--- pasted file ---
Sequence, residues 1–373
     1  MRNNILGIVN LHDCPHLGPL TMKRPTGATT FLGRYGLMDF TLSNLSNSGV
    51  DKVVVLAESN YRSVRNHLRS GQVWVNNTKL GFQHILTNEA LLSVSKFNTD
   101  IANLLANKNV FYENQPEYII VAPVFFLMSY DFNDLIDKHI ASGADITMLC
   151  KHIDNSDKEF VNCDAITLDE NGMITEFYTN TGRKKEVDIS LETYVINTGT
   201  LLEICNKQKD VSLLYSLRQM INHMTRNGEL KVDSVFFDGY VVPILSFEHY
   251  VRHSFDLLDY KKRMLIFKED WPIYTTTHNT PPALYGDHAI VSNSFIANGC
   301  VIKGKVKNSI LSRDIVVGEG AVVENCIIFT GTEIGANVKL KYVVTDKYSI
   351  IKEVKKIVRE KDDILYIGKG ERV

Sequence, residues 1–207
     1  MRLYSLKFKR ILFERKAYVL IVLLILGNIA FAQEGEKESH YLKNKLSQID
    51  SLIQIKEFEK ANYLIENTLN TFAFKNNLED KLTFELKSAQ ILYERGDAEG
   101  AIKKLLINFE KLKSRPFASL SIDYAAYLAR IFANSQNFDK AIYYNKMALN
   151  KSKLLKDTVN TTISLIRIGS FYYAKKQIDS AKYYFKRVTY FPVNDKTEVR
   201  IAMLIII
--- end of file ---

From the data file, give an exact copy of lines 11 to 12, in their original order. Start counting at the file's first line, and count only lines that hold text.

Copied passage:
     1  MRLYSLKFKR ILFERKAYVL IVLLILGNIA FAQEGEKESH YLKNKLSQID
    51  SLIQIKEFEK ANYLIENTLN TFAFKNNLED KLTFELKSAQ ILYERGDAEG